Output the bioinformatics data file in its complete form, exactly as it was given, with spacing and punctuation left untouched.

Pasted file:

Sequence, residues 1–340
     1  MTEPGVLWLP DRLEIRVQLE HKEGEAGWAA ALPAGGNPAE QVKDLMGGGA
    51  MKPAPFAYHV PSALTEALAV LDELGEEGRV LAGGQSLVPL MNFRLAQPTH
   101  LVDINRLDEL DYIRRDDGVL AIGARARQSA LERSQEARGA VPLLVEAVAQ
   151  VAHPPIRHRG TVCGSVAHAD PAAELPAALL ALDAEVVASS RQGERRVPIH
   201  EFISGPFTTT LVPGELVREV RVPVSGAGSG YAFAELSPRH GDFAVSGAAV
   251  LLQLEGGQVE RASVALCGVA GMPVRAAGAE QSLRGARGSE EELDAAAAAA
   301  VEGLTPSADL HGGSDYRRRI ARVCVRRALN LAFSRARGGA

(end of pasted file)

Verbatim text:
Sequence, residues 1–340
     1  MTEPGVLWLP DRLEIRVQLE HKEGEAGWAA ALPAGGNPAE QVKDLMGGGA
    51  MKPAPFAYHV PSALTEALAV LDELGEEGRV LAGGQSLVPL MNFRLAQPTH
   101  LVDINRLDEL DYIRRDDGVL AIGARARQSA LERSQEARGA VPLLVEAVAQ
   151  VAHPPIRHRG TVCGSVAHAD PAAELPAALL ALDAEVVASS RQGERRVPIH
   201  EFISGPFTTT LVPGELVREV RVPVSGAGSG YAFAELSPRH GDFAVSGAAV
   251  LLQLEGGQVE RASVALCGVA GMPVRAAGAE QSLRGARGSE EELDAAAAAA
   301  VEGLTPSADL HGGSDYRRRI ARVCVRRALN LAFSRARGGA